A Summertime Bus for Kids to the Pool and Library?

Let’s hear it for Nashua, NH, a child-friendly city indeed!  Take note, all ye urbanists, city planners, and mayors: Look at how simple a summer-changing, childhood changing idea can be. Nashua zzebkhnner
is giving kids the gift of transit
— and trust. According to the Nashua Patch:

The city of Nashua will launch a summer recreation route bus service that will run from July 7 to Aug. 22.

The pilot program will stop at at popular sites in the city in a continuous loop from 9 a.m. to 6 p.m., Monday through Friday. The service is free for all school-aged children (6 to 18 years old) that register and the city will provide a bus monitor to ensure rider safety.View the recreation route bus map.

A city trolley equipped with a bike rack will be used for the recreation route and included in the loop are: Greeley Park, Nashua Police Athletic League (PAL), Lincoln Park, Foster’s Square, Nashua YMCA, Main Dunstable Fields, Nashua Public Library, Rotary Pool, Girls Inc., Centennial Pool, and the Boys and Girls Club with easy access to Mine Falls Park at several locations.

Even the paperwork is minimal. Parents just need to sign a waiver and their kids are off! What a lot of problems this solves, allowing kids to meet up with each other without being driven or scheduled. More fun, less traffic! And if the bus is popular, the parks and pools will probably all see spikes in use, so really — the bus is a way of getting a bigger bang for the public buck.

Win, win, win, win…well, you get the idea. Anything like this out by you? Any chance? – L.

Nashua, NH (back in the uncopyrighted photos day).

Nashua, NH back in the (uncopyrighted photos) day.

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39 Responses to A Summertime Bus for Kids to the Pool and Library?

  1. anonymous mom July 8, 2014 at 9:34 am #

    That is awesome! I’d love something like that around here.

  2. Michelle July 8, 2014 at 10:00 am #

    I *wish* we had something like this! I was hoping for a sidewalk along the (very busy) street that leads to the library, but apparently there’s a rule saying sidewalks can only connect neighborhoods to schools (to save money). 🙁

  3. Dirk July 8, 2014 at 10:11 am #

    Should be in every city! It sort of is though, the NY subway can take a 9 year old almost anywhere!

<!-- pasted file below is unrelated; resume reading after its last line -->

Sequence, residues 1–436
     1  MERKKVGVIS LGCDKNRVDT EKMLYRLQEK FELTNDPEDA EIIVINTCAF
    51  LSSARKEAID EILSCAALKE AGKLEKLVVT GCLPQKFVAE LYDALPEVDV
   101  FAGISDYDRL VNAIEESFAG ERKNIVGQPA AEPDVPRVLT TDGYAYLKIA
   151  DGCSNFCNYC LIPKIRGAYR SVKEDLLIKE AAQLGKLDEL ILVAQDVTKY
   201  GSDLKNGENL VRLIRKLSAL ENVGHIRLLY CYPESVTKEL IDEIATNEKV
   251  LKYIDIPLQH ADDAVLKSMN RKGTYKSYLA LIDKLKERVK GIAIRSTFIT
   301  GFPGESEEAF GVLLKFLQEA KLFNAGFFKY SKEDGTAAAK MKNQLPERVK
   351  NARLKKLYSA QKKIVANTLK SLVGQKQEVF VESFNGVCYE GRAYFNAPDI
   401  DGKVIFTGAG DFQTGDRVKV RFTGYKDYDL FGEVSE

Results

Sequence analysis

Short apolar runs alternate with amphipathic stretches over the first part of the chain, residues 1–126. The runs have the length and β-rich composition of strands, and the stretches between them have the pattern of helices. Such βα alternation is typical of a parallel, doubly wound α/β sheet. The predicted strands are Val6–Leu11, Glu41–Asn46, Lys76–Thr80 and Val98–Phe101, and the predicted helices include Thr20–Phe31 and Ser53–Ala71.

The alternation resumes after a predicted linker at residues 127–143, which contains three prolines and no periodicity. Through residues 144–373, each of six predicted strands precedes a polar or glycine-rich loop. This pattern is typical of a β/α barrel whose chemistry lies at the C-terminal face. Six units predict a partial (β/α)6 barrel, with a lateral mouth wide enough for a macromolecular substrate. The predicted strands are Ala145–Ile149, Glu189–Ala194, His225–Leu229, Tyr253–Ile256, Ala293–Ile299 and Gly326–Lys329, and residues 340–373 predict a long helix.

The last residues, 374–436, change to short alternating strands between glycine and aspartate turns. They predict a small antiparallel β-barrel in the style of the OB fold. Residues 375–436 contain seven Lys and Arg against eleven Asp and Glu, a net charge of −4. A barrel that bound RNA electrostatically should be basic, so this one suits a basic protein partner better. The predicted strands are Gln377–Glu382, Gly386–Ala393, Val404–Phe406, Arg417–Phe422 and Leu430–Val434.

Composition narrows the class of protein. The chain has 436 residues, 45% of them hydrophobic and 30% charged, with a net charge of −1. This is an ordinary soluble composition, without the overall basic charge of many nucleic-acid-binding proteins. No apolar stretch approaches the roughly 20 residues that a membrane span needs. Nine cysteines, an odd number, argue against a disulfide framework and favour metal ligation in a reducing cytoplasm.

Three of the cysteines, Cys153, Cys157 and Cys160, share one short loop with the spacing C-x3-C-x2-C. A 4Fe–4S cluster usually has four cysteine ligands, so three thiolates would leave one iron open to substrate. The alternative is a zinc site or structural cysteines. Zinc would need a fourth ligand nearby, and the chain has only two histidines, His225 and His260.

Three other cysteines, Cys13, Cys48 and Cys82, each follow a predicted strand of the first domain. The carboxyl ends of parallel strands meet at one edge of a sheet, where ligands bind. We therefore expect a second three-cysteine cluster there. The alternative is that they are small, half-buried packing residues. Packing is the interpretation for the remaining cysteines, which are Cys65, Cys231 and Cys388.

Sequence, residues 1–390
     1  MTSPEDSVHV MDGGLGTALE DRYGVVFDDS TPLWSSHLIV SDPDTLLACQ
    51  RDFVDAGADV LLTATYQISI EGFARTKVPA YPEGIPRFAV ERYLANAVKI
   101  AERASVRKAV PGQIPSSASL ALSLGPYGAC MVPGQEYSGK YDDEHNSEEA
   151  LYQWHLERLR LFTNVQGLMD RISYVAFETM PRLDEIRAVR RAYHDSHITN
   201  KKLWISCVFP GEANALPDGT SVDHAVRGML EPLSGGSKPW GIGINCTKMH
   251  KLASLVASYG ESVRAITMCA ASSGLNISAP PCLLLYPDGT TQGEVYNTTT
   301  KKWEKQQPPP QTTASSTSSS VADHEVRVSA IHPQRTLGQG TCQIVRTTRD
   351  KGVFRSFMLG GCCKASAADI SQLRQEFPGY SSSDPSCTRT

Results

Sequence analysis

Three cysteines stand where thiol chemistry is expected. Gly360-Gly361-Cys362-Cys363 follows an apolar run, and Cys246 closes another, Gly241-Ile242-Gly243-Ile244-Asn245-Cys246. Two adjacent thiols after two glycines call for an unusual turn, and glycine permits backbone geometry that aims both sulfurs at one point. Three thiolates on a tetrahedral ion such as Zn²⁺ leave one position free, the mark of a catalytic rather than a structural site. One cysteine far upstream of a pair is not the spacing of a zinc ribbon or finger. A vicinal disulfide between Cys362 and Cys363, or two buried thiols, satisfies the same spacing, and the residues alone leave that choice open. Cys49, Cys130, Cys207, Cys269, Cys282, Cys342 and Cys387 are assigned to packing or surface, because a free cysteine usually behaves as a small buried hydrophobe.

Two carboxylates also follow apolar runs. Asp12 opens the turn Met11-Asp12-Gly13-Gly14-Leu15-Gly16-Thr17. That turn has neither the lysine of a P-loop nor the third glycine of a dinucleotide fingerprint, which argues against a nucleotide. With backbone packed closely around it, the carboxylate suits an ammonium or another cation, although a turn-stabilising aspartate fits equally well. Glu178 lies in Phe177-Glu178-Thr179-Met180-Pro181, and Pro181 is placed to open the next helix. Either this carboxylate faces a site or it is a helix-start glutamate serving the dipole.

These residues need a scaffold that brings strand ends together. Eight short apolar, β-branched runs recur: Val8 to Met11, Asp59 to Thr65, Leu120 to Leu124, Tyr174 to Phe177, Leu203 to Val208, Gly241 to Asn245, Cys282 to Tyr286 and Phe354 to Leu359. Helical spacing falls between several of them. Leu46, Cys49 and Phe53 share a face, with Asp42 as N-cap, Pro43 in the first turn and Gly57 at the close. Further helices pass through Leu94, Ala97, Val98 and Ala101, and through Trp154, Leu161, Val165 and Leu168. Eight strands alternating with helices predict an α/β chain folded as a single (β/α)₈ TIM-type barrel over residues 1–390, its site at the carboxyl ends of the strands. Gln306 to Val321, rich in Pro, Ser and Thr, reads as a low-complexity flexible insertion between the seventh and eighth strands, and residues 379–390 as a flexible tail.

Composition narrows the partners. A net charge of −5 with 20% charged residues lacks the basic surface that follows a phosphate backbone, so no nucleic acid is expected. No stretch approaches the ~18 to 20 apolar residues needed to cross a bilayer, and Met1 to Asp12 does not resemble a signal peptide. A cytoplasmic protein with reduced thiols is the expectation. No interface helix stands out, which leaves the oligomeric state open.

4. nina July 8, 2014 at 10:36 am #

    Yes im nyc subway can take a kid almost anywhere. Problems start once they get there. My sons (13 and 11) are going to ny to spend a week exploring the city while staying with grandparents. We thought my mother won’t have to take time off work while they are there. She gets off at 3, so we thought boys will be able to sleep in, take public transportation to one of many museums and then meet grandma after work for further exploring. Not so simple. Most nyc museums won’t allow minors to enter with out an adult guardian unless they are 16 or even 18 in some cases. So my mother ended up taking a week off. I understand that museums don’t want to have babysitting duties, but most teenagers don’t need babysitters.

  5. Linda July 8, 2014 at 10:48 am #


  6. James July 8, 2014 at 10:53 am #


    Out of curiosity, when did bus monitors become a standard thing? I’m not saying they’re a bad thing, necessarily, but as I recall, when I was in middle school, we only had bus monitors after there had been trouble on the bus.

  7. Mark Davis July 8, 2014 at 10:53 am #

    What an incredibly awesome idea! Would be great to see this catch on.

  8. K July 8, 2014 at 11:16 am #

    Bravo, Nashua NH.

    In the comments:
    What a crying shame about the experience in NYC museums! I can’t imagine that museums exclude interested minors. Isn’t a prime objective of these educational institutions to reach this very population? Could they offer each child the opportunity to get a “visiting” card? Then, any kids that can’t follow instructions could get their card “revoked”.

  9. Paula July 8, 2014 at 11:17 am #


  10. Eric July 8, 2014 at 11:45 am #

    Utah Transit Authority offers a summer “Riders License” for $99 bucks, and it takes kids anywhere the bus (or train) goes.


  11. Dirk July 8, 2014 at 11:45 am #

    Hi Nina,

    They could go to The American Museum of Natural History. They would be considered adults though and would need to pay full price…

  12. Aimee July 8, 2014 at 12:31 pm #


    South Portland (ME) Public Library has teamed up with the public transpo system – this summer, each day a child comes to the library and takes out at least one book, they get a one-ride city bus pass. What’s better than safe, convenient public transportation? FREE safe convenient public transportation! 🙂

  13. kate July 8, 2014 at 12:36 pm #

    But why do they need a monitor? Maybe more parents would be willing to sign up knowing there is a responsible adult on board.

  14. Jenna K. July 8, 2014 at 1:00 pm #